The effects of temperature on the swelling properties of smectites are important for a variety of different geological conditions, but studies on this topic have been rather limited. The purpose of this study was to investigate the swelling behavior of Na- and Ca-montmorillonite at various temperatures greater than room temperature, up to 150°C, using in situ X-ray diffraction (XRD) analysis. A sample chamber was designed, the temperature and humidity of which were controlled precisely, for environmental in situ measurements. The XRD measurements were performed at small relative humidity (RH) intervals for precise observation of the swelling behavior.

The swelling behavior of Na-montmorillonite showed distinct zero-, one-, and two-layer hydration states. The basal spacings of Na-montmorillonite changed continuously with RH for various temperatures in the transition region between the zero- and one-layer hydration states, and the swelling curves of the transition region moved to greater degrees of RH with increasing temperature. The basal spacings jumped from the one- to two-layer hydration states for all temperatures at almost the same RH.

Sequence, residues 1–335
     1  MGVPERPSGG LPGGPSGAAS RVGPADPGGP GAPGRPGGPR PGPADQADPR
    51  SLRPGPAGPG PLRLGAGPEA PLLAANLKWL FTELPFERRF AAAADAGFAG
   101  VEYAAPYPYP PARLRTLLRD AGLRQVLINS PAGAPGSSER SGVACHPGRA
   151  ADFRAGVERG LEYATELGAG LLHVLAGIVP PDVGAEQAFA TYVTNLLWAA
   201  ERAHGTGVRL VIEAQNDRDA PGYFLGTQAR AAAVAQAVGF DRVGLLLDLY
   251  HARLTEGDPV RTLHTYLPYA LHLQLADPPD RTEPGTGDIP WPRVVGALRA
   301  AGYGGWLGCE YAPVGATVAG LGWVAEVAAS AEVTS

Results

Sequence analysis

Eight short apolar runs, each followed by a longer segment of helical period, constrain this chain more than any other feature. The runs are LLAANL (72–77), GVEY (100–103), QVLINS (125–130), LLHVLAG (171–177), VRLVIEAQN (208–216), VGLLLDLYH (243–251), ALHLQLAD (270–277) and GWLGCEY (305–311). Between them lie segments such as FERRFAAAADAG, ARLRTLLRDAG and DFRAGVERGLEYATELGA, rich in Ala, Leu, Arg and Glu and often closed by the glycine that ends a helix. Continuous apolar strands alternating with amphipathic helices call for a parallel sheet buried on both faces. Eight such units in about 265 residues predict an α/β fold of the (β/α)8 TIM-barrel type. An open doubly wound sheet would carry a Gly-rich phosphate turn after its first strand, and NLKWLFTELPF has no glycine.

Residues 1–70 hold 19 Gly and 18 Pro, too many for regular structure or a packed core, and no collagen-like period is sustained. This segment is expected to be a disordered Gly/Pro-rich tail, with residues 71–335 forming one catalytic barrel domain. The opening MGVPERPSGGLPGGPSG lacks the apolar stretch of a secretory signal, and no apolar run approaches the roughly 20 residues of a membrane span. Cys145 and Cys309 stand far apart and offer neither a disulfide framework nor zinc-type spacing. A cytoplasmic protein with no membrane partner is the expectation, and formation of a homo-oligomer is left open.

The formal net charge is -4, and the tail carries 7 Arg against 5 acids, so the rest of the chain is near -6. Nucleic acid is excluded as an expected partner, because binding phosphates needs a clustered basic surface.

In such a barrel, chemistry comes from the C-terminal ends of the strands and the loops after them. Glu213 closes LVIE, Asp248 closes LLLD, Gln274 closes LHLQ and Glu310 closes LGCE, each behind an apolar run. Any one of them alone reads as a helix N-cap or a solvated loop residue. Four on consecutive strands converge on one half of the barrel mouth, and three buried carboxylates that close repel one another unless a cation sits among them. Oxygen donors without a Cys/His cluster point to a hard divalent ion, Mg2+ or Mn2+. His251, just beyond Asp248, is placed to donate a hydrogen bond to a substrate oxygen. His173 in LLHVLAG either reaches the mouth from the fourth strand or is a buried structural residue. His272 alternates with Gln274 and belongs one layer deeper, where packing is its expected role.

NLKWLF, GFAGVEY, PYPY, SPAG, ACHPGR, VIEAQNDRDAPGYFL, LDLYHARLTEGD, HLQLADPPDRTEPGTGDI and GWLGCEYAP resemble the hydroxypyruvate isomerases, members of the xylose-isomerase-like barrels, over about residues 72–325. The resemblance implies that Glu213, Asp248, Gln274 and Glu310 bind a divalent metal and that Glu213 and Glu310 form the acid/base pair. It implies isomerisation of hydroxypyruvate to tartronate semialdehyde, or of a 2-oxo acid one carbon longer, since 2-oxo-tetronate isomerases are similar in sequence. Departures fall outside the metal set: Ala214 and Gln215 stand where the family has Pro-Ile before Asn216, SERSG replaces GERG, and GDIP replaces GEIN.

The basal spacings of Ca-montmorillonite changed continuously from the zero- to the two-layer hydration states at all temperatures. This behavior is remarkably different from that of Na-montmorillonite. At low-RH conditions, the d001 value of Ca-montmorillonite decreased with increasing temperature. The swelling curves of Ca-montmorillonite did not show a plateau at any temperature for the one-layer hydration state. The swelling curves of Ca-montmorillonite moved to greater RH with temperature, similar to the transformation region between the zero- and one-layer hydration states in Na-montmorillonite. These differences between Na- and Ca-montmorillonite are related to the hydration powers of exchangeable cations.

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